Tuesday, 11 December 2018

Sweeping vs. Creeping Reductionism in Addiction Research

Şerife Tekin is an Assistant Professor of Philosophy at the University of Texas at San Antonio. Her research program in philosophy of science and mind aims to enhance psychiatric epistemology by developing methods for supplementing the existing scientific literature with a philosophical study of the first-person accounts of those with mental illness. 

She draws on the scientific literature on mental illness, philosophical literature on the self, and the ethics literature on what contributes to human flourishing to facilitate the expansion of psychiatric knowledge that will ultimately yield to effective treatments of mental illness. Here she discusses her article, “Brain Mechanisms and the Disease Model of Addiction: Is it the Whole Story of the Addicted Self? A Philosophical-Skeptical Perspective,” which recently appeared in the Routledge Handbook of Philosophy and Science of Addiction.

In my chapter in this anthology, which brings together cutting-edge work on the scientific and clinical research on addiction and various philosophical puzzles pertaining to addiction, I take issue with the disease model of addiction that construes addiction merely as a problem of the “broken brain.” I defend that self or person models of addiction are more resourceful for enhancing research on the mechanisms of addiction and developing effective interventions.

A common debate among scientists and philosophers is whether human sciences, such as psychology and psychiatry, involve phenomena distinct from those targeted in the physical sciences. According to reductionism, target phenomena in human sciences are only prima facie distinct from those in the physical sciences, lending themselves to explanation or even replacement by phenomena in the physical and chemical sciences.

Reductionism exists on a spectrum (Schaffner 2013). On the one extreme, human phenomena “are nothing but aggregates of physicochemical entities,” a view labeled “sweeping reductionism” (Schaffner 2013: 1003). For “sweeping” reductionists, “there is a theory of everything” and “there is nothing but those basic elements—for example, a very powerful biological theory that explains all of psychology and psychiatry” (ibid).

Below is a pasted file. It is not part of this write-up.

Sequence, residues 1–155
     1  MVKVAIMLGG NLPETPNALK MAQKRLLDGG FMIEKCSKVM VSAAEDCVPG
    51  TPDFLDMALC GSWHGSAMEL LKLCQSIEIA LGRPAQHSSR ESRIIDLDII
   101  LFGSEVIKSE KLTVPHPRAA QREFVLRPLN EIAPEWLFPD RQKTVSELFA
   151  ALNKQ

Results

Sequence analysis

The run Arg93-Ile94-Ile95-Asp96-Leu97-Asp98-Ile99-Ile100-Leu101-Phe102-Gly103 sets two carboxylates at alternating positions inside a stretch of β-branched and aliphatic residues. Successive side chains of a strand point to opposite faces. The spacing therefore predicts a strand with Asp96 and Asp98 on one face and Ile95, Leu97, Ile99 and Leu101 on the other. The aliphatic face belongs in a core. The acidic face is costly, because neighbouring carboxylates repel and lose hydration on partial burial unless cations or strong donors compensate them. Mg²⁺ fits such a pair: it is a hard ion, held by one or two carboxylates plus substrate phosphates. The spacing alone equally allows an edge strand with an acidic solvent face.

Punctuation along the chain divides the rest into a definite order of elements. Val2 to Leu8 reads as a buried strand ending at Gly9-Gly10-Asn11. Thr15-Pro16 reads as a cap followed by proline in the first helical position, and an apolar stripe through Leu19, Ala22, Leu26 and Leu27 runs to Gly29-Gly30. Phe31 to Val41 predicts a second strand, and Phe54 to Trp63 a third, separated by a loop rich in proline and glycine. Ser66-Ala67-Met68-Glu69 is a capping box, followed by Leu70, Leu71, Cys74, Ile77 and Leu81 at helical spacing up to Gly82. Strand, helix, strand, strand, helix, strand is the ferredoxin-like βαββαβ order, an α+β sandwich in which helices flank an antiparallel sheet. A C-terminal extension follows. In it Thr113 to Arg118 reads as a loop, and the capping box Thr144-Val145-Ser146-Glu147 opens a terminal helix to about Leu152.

Thursday, 6 December 2018

How We Understand Others

Today’s post was written by Shannon Spaulding, Assistant Professor of Philosophy at Oklahoma State University. Her general philosophical interests are in the philosophy of mind, philosophical psychology, and the philosophy of science. 

The principal goal of her research is to construct a philosophically and empirically plausible account of social cognition. She also has research interests in imagination, pretense, and action theory. Here she introduces her new book, “How We Understand Others: Philosophy and Social Cognition”.

A question that has long interested me is how we understand others – that is, what are the cognitive processes that underlie successful social understanding and interaction – and what happens when we misunderstand others. In philosophy and the cognitive sciences, the orthodox view is that understanding and interacting with others is partly underwritten by mindreading, the capacity to make sense of intentional behavior in terms of mental states.